7 Habits That Seem Good For You But Actually Aren't
Taking care of yourself seems pretty intuitive — sleep when you're tired, eat when you're hungry, and make sure you get a little exercise if it makes you feel your best. These are the keys to health. But what happens when you do things you think are healthy that are actually bad for you in reality? Bad habits are incredibly hard to spot or correct when they seem like something you should be doing in the first place. It's a little confusing, to say the least.
And these bad habits have a way of accumulating. We pick up our health information as we go, often from our parents, or TV shows, or from some fad diet book we had lying around. While these can be reputable sources (parents), others are not (fad diet books). And yet this information sticks, and it affects everything we do from the moment we wake up to the moment we go to bed.
It can be easy to get stuck in your ways and have the same habits for a lifetime. So, let's take a moment for some reassessment. You may be surprised to learn what little, seemingly innocent things you are doing to yourself that are actually detrimental. Take a look at the list below for how to tweak your routines to improve your health.
1. Brushing Your Teeth Too Hard
When something's dirty, you clean it, right? And if it's really dirty, well, you clean it a little harder. This theory makes sense when it comes to scrubbing boots, or a dirty floor. But applying a little extra elbow grease while brushing your pearly whites can actually do more harm than good. According to WebMD, brushing your teeth too hard can cause receding gumlines and tooth sensitivity. Gum recession is an irreversible condition that happens when your gums start to erode, leaving your mouth sensitive to hot and cold.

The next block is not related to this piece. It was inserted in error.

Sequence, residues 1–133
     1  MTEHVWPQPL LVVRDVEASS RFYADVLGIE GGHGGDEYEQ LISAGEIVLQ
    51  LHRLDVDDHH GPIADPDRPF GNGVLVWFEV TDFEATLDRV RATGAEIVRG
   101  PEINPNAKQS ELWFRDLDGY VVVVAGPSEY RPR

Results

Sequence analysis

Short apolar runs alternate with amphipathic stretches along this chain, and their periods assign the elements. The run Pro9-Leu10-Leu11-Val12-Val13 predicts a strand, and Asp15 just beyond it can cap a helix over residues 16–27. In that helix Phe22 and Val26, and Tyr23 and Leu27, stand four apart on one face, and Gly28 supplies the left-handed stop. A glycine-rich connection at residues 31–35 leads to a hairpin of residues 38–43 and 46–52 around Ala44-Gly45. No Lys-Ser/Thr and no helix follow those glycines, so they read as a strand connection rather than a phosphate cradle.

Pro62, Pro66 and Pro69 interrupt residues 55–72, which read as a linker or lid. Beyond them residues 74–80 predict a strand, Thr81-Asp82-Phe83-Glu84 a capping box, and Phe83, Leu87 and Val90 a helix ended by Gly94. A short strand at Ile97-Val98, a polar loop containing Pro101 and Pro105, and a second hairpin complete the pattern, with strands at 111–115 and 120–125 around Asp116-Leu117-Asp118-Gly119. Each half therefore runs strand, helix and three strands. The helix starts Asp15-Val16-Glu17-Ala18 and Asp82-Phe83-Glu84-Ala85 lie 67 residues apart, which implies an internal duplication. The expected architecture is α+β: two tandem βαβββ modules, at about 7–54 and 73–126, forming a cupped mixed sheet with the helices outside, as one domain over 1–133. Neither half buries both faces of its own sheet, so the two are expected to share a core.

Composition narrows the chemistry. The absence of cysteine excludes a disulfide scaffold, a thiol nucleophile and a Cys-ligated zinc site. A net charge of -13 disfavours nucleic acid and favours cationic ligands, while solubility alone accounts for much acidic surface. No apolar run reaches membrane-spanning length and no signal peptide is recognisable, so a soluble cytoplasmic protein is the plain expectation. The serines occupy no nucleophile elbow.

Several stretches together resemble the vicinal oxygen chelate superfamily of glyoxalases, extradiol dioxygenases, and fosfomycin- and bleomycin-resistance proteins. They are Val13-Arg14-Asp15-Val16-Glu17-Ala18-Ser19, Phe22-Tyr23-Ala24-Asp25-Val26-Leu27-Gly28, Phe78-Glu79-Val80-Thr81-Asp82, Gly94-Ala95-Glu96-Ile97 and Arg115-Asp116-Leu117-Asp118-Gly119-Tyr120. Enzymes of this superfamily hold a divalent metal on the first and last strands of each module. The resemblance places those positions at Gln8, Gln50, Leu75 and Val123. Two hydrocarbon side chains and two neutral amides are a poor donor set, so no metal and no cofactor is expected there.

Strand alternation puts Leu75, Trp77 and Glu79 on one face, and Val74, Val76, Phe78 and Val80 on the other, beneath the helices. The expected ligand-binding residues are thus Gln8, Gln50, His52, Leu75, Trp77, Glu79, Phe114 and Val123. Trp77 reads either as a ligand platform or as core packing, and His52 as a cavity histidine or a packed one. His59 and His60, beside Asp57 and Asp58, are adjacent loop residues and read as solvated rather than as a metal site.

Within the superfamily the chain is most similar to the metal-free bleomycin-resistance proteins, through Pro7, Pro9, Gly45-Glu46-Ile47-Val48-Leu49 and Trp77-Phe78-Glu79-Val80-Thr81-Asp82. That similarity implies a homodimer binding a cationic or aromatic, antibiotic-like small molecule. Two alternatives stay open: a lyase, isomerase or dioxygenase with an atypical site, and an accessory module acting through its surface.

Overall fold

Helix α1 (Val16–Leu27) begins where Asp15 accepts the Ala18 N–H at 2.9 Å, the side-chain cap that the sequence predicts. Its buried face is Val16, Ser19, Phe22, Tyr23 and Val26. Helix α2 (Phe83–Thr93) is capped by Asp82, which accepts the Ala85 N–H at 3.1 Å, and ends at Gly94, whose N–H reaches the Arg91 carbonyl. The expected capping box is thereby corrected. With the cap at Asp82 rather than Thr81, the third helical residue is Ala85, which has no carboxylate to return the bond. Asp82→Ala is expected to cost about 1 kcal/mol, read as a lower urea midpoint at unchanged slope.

Instead of brushing with all your might, use a lighter touch and a soft bristle toothbrush. Or, invest in an electric toothbrush that'll do the work for you.
2. Taking Too Many Vitamins
If you feel a cold coming on, you may pop a few extra vitamins. Then a few more for good measure, and a couple extra because they're straight up fruity and delicious. Pretty soon you've gobbled down half the bottle. Vitamins are good for you, after all, so you're sure eating a whole bunch will cure what ails you.
Sorry to ruin your snack, but eating more than the recommended dose of your Flintstones isn’t the way to go. This is definitely a case of “too much of a good thing.” Some vitamins, like vitamin C, are water soluble. If you take a little bit too much, you'll simple pee out the excess. Other vitamins, like vitamin D, are fat soluble. This means they dissolve in fat and are then stored away in the body's tissues, where they can accumulate to dangerous levels. Overdoing it on these may eventually lead to toxicity, according to Ruth Frechman, MS, RD, a spokesperson for the American Dietetic Association in an article for WebMD.
Be sure to stick to the recommended dose on the bottle, and add in some extra vitamin C if you are feeling sick.
3. Napping Throughout The Day
Yes, taking a swan dive into bed at 5 p.m. is awesome. But waking up at midnight not knowing who you are, where you are, or what day it is can be pretty disorienting. This uncomfortable side effect of napping is known as sleep inertia, according to the Mayo Clinic, and it's caused by waking abruptly during REM sleep when you still have high levels of melatonin.
Napping can also make it more difficult to sleep properly at night, especially if you have insomnia. The best course of action is to stick to a strict bedtime schedule, where you go to bed and wake up at the same time each day. But if you absolutely must nap, take a short 10 to 30 minute snooze sometime in the afternoon. Around 2 p.m. is when it's natural to feel a bit sleepy, according to the Mayo Clinic, and this time frame is the least likely to impact your nighttime sleep. To get the most of your nap, make sure you're in a quiet, dark room and be sure to give yourself plenty of time to fully wake up before going on with your day.
4. Skipping Breakfast
Most people I know skip breakfast for one reason or another. Either they don't like to eat right after waking up, they don't have time, or they heard some theory about it being "good" for you (usually related to a diet fad). The truth is that breakfast is probably the most important meal of the day. It literally "breaks" the "fast" from the night before, and kick-starts your metabolism for the day. Having a morning meal will also help prevent the late morning zone-out so many of us experience.